D. Boone Kilt a Bar
The American Beech Tree is a staple of the Eastern forests. Its smooth, silver bark provides beauty and variety to forest canopies and its rock-hard timber is a coveted resource.
The notable tree is also sometimes used as a canvas by those with pocket knives who wish to commemorate their memories.
Hearts with initials in them are commonly seen carved into the bark of Beech trees near walking trails, but as it turns out, this tradition is nothing new. It belonged to fearsome hunters long before it belonged to summer lovers.
In the pioneer days, the bark of Beech trees was used to brag about successful hunts. The hunter's name, what impressive beast he had killed, and the year were often carved into the nearest Beech. One such trophy carving was found in the forests of Louisville, Kentucky, and it read: "D. Boone Kilt A Bar, 1803."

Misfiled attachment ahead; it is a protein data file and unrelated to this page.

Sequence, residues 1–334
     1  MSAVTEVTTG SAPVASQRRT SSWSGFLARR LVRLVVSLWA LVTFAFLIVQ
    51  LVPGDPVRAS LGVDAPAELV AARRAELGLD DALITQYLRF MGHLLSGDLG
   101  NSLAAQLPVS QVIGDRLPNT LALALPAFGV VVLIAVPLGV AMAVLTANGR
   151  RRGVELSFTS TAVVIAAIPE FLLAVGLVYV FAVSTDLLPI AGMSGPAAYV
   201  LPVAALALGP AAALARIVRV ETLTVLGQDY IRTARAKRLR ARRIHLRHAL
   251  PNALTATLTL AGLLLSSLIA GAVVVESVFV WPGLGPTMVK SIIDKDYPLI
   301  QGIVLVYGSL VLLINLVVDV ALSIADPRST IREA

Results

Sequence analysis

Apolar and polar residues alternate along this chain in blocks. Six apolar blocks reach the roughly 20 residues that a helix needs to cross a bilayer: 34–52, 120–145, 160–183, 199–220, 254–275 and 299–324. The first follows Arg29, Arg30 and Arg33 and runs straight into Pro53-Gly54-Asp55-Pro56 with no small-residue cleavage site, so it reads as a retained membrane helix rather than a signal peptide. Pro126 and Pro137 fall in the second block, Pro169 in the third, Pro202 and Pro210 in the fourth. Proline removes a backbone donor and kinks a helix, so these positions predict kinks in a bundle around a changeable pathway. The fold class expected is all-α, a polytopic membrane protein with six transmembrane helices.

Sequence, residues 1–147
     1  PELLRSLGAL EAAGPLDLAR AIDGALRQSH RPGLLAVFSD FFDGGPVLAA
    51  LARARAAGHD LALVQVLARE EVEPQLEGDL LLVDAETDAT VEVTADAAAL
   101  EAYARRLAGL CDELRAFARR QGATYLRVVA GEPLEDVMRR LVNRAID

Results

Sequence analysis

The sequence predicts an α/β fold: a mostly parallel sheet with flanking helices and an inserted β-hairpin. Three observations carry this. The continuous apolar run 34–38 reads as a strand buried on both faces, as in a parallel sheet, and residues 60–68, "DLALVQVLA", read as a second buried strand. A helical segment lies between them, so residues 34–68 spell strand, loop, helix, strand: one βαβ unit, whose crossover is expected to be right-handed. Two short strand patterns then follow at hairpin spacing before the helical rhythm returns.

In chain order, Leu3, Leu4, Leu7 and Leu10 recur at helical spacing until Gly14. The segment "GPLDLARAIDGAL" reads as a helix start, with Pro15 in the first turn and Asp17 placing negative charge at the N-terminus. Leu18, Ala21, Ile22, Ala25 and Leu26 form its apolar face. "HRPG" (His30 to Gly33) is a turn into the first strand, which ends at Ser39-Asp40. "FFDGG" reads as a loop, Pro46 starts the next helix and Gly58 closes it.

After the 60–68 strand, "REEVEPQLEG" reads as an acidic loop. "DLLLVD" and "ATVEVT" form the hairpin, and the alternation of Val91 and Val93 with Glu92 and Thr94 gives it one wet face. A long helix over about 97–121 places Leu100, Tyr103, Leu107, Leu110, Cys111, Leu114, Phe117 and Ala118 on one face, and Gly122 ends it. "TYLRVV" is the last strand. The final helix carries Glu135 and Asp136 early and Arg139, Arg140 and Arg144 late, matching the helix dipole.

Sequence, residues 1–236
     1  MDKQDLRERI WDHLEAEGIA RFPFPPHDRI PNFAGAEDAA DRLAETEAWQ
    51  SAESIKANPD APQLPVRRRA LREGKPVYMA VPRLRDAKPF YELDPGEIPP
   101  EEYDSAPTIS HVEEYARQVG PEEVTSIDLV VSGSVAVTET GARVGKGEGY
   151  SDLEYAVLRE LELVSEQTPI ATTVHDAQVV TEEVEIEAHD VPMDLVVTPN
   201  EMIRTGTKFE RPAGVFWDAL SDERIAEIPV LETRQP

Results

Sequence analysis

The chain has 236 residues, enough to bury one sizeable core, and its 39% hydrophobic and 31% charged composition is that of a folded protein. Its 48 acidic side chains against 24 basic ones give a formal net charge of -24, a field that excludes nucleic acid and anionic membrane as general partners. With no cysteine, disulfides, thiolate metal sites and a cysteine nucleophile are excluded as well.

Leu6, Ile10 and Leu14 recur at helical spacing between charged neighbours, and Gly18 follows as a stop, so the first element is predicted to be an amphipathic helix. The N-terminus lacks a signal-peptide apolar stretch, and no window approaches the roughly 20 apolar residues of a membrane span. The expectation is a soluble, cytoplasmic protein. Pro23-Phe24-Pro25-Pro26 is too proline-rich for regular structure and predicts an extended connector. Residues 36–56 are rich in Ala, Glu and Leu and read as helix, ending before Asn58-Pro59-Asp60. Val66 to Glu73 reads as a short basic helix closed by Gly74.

Legend has it, that none other than Daniel Boone single-handedly killed a bear under this tree. The problem is that another carving found in Tennessee claimed that Daniel Boone had killed a bear underneath it in 1760. Other "D. Boone Kilt A Bar" carvings have been found throughout the frontier that Boone traversed.
Daniel Boone may indeed have killed all those bears and carved all those trees--or the forests might just be riddled with forgeries.
One thing is for certain: whether it's the dead bear beneath his feet or the lovely girl on his arm, as long as man has wandered the woods with a pocket knife, he has done his bragging on the Beech.
Image by Evelyn Simak [CC BY-SA 2.0 (http://creativecommons.org/licenses/by-sa/2.0)], via Wikimedia Commons